New Additions / New Perspectives: American Indian Art

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Cradle Cover Panel, ca. 1800-1825; Eastern Sioux (Dakota); Hide, porcupine quill, birch bark, metal cones; T0847

In 1995, Eugene and Clare Thaw chose the New York State Historical Association to house their extraordinary collection of American Indian Art. The collection now numbers over 855 objects and continues to grow in number as well as artistic, geographic and chronological scope. The collection also includes objects generously given by other donors. 

Each new work enriches the collection in several ways. They fill gaps in representations of particular culture areas and time periods and they increase our knowledge and understanding of the field of American Indian art by frequently focusing upon known and documented artists. 

New Additions / New Perspectives: American Indian Art features many works by contemporary American Indian artists and exemplifies the varied artistic output of vibrant communities. Many artists employ traditional methods and designs while incorporating new themes in order to create reinterpretations of ancient expressions. Here we see how Native artists continue to be influenced by tradition and innovation, combining these elements according to their personal vision and aesthetic.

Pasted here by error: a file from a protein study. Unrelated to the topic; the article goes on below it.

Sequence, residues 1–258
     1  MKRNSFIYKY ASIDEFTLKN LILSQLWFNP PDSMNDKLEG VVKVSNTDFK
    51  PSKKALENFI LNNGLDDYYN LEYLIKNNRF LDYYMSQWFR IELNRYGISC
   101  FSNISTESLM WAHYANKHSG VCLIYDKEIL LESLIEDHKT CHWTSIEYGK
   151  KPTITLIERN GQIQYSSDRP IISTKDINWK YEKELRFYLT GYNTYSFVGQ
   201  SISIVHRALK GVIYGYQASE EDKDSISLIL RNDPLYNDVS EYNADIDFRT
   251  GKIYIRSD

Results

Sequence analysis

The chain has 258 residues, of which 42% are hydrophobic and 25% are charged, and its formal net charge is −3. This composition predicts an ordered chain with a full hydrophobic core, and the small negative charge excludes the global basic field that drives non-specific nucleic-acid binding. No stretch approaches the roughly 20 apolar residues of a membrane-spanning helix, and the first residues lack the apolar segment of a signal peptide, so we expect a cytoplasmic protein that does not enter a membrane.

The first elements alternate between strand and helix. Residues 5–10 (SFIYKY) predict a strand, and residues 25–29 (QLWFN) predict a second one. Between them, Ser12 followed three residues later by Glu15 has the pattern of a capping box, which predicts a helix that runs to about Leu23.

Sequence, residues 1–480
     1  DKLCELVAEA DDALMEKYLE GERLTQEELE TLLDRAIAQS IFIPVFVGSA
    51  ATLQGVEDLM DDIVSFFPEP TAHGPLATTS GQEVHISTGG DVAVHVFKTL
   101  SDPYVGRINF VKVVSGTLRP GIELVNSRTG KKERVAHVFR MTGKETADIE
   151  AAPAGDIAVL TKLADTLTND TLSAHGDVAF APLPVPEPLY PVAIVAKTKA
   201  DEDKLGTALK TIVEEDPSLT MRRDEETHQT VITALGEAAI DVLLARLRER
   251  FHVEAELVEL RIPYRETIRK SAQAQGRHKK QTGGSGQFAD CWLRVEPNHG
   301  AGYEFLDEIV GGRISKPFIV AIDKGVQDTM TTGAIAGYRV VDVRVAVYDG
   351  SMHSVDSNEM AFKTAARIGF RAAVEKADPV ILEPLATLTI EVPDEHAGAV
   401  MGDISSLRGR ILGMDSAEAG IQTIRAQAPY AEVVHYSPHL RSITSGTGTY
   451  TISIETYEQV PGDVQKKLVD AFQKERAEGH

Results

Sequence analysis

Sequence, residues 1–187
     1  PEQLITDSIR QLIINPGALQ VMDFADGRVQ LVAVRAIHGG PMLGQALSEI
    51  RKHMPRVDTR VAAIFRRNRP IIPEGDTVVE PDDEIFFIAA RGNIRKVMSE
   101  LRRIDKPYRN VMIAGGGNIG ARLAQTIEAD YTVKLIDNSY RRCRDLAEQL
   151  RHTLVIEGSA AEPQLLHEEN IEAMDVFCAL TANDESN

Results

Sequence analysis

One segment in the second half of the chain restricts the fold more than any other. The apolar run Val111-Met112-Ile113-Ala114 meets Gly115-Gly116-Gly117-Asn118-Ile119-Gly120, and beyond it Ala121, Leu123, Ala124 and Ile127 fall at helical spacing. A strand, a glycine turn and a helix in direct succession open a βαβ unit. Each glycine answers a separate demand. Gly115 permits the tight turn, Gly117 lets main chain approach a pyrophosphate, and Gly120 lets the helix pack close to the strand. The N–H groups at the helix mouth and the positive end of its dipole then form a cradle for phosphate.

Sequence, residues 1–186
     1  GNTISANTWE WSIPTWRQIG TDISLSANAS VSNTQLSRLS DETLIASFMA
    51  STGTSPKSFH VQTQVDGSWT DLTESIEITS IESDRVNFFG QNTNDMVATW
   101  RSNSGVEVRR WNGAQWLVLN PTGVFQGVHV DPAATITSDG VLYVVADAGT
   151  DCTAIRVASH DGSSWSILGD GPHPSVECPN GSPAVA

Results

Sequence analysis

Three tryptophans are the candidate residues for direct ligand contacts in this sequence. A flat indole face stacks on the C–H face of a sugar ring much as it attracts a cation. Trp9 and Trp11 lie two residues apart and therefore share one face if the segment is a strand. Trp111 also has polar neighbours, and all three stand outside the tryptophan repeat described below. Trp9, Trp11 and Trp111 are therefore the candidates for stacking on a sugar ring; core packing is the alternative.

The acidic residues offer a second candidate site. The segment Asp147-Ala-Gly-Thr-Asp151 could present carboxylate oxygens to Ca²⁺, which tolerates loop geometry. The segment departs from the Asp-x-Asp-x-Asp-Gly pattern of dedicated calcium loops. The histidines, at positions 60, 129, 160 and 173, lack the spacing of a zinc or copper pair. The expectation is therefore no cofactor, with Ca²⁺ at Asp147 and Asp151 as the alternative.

Most importantly, each new acquisition to the collection reaffirms the Thaws’ commitment to the beauty and artistry of American Indian art, and thus strengthens the philosophical foundation of the collection: that the aesthetic power of American Indian art is equivalent to that from any culture. The Thaws have been instrumental in advancing this approach and their dedication and appreciation reflects the vitality and richness of this art. The human aspiration to create beautiful objects, which express a unique world view, is what drew the Thaws to collect this body of work. Ultimately, it is the fundamental humanity of these extraordinary artworks that continues to draw diverse audiences today.